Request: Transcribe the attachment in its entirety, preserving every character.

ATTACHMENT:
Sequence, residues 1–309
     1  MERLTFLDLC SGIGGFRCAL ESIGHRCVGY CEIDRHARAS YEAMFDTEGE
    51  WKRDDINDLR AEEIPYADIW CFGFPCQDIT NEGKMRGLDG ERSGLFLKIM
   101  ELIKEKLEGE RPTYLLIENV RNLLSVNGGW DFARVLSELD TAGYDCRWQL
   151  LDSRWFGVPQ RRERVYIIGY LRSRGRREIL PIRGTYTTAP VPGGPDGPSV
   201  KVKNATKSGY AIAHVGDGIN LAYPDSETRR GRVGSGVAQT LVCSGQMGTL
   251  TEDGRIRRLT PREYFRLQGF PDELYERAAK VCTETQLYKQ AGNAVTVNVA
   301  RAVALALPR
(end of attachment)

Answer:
Sequence, residues 1–309
     1  MERLTFLDLC SGIGGFRCAL ESIGHRCVGY CEIDRHARAS YEAMFDTEGE
    51  WKRDDINDLR AEEIPYADIW CFGFPCQDIT NEGKMRGLDG ERSGLFLKIM
   101  ELIKEKLEGE RPTYLLIENV RNLLSVNGGW DFARVLSELD TAGYDCRWQL
   151  LDSRWFGVPQ RRERVYIIGY LRSRGRREIL PIRGTYTTAP VPGGPDGPSV
   201  KVKNATKSGY AIAHVGDGIN LAYPDSETRR GRVGSGVAQT LVCSGQMGTL
   251  TEDGRIRRLT PREYFRLQGF PDELYERAAK VCTETQLYKQ AGNAVTVNVA
   301  RAVALALPR